- Damage to the muscles and nerves in the sphincter. These can worsen fecal incontinence.
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How Hemorrhoids Are Diagnosed By Your Doctor
See your doctor if you think you might have hemorrhoids, especially if you notice bleeding from your anus or rectum, or have bloody stools. Your doctor will want to rule out more serious problems that can cause bleeding from the anus or rectum, such as cancer.
Hemorrhoid symptoms may also be similar to those of other anal and rectal problems, including anal fissures, abscesses, warts, and polyps.
Your doctor will ask about your medical history and will ask you to describe your symptoms. Questions about your eating habits, toilet habits, and enema and laxative use are likely to come up.
Your doctor will also perform a physical exam to look for lumps or swelling, prolapsed internal hemorrhoids, external hemorrhoids, skin irritation, skin tags, and anal fissures, which are small tears in the anus that can result in itching and bleeding. This will involve a visual examination of the area.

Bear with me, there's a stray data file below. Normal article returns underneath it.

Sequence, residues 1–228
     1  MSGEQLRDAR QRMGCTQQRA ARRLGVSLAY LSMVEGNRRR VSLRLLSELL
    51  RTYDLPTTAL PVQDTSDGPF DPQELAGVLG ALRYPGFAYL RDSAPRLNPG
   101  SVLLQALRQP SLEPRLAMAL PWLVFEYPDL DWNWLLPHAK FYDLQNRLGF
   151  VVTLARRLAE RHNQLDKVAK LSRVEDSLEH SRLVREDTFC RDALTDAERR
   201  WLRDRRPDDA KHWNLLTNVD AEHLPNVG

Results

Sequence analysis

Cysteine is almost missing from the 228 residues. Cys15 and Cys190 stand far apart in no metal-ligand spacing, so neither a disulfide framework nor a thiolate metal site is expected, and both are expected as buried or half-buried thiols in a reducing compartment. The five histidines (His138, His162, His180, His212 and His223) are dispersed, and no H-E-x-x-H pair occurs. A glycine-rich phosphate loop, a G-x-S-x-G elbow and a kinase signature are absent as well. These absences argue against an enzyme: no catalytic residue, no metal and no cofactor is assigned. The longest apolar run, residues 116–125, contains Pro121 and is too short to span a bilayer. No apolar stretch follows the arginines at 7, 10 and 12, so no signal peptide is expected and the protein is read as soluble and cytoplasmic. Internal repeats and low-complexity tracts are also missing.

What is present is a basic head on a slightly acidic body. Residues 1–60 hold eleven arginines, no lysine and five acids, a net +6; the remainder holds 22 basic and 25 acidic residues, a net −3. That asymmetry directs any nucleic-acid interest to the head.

Your doctor may also perform a rectal exam to diagnose internal hemorrhoids, check the muscle tone of your anus, and check for blood in the stool. This is done with a gloved, lubricated finger and a tool called an anoscope.
An anoscope is a type of;endoscope; a hollow, lighted tube that is inserted a few inches into the anus to help the doctor see any problems inside the lining of the rectum. This procedure is performed in the doctors office and doesnt require anesthesia.